Companies have been developing reports and dashboards to perfect their business intelligence for years, but with buzz around the “Big Data,” all of a sudden everyone seems to pay way too much attention simply on metrics, reports, or dashboards to diagnose business performance.
And that’s just wrong.
Former business professor Aaron Levenstein once said, “Statistics are like a bikini. What they reveal is suggestive, but what they conceal is vital.” A recent Harvard business review article “The Hidden Biases in Big Data,” further argues that “data and datasets are not objective.” The article also mentions that most people are disguised by “data fundamentalism,” that is, correlation always indicates causation, and that massive datasets and predictive analytics always reflect objective truth.
Big data aren’t flawless, but I want to raise another point: Don’t look at metrics when you don’t know what are your goals and objectives.
<p>Another Forbes article, “Meeting the Big Data Challenge: Don’t be Objective,” weighs on the importance of intuition versus analysis. The article says, “The existence of Big Data and more rational, analytical tools and frameworks places more or less on the role of intuition.” Before web intelligence and data mining tools became prevalent, companies like Citigroup, Colgate, and DuPont had to rely on something else (e.g., leadership or market opportunities) to make decisions.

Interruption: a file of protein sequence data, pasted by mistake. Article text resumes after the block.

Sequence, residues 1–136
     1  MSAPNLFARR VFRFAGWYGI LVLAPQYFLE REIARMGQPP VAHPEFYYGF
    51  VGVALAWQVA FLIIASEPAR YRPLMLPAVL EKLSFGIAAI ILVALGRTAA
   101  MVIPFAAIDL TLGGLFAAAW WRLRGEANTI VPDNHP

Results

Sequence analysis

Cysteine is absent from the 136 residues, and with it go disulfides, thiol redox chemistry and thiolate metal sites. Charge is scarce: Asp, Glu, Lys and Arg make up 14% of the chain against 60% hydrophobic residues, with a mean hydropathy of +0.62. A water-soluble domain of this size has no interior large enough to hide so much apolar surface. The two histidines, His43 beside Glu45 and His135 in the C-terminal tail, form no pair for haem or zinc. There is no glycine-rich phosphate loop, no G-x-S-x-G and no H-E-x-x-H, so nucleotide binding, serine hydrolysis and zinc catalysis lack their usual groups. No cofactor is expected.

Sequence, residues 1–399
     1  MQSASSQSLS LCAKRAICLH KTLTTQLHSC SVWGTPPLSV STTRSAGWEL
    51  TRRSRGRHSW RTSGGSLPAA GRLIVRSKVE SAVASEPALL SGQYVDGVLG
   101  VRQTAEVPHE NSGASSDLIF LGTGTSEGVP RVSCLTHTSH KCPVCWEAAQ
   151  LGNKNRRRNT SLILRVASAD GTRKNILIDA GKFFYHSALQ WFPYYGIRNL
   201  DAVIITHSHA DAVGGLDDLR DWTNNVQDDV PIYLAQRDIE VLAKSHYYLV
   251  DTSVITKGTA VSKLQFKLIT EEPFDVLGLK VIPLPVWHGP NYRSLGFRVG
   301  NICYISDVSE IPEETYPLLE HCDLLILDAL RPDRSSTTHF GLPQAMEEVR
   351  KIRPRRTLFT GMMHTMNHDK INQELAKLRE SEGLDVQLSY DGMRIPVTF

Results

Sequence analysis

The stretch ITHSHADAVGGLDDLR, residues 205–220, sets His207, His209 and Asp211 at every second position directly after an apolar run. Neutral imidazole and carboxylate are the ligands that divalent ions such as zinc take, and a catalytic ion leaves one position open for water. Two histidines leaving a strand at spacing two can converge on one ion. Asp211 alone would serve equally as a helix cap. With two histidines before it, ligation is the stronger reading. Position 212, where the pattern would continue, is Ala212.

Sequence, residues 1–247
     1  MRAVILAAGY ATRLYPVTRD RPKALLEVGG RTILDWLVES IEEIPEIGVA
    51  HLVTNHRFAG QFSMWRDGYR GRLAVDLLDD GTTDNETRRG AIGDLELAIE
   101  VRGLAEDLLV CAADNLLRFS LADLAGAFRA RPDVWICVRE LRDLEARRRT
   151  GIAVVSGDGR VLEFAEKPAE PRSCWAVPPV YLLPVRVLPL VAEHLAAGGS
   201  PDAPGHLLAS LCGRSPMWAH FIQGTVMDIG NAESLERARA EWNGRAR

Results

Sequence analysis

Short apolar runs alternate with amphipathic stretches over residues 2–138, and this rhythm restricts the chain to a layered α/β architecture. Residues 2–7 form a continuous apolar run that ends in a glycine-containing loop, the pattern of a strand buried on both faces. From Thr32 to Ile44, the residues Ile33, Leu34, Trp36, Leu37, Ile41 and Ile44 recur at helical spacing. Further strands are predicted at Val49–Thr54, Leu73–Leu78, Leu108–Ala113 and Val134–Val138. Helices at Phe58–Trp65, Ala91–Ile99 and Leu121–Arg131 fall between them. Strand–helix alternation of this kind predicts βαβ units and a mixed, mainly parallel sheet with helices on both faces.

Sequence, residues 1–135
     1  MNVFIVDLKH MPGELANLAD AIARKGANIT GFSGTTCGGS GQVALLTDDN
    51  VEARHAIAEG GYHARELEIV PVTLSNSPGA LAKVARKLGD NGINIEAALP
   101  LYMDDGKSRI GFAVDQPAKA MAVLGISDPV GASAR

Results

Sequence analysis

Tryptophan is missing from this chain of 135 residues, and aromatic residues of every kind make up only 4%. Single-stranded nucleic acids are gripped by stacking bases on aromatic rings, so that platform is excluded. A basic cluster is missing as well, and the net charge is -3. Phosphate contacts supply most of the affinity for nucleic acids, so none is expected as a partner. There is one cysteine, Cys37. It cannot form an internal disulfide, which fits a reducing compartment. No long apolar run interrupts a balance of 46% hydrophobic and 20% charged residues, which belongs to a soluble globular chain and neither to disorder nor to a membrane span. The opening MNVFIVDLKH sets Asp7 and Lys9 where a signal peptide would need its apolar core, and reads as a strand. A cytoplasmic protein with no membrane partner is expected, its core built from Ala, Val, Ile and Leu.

I’m not saying big data and analytics aren’t important. But I do believe that goals should drive the focus of data collection and analyses. Without goals, big data or metrics are simply pointless.
Sure. Everyone (especially executives and shareholders) loves to look at metrics. It’s like looking at your final grades at the end of school year (if you studied hard). But your transcript doesn’t give a holistic picture of your academic performance unless you know what you’re focusing on. The same idea applies to every business. An increase in site traffic might be deemed a “successful” metric, but if that increase happened due to more money pouring into media, or even due to a higher cost per acquisition, can you still call such an increase a success?
Set a goal first, one with measurability and clarity. The competitor analyses, market trends, and business diagnosis will come later.
What are your experiences with big data and setting business objectives?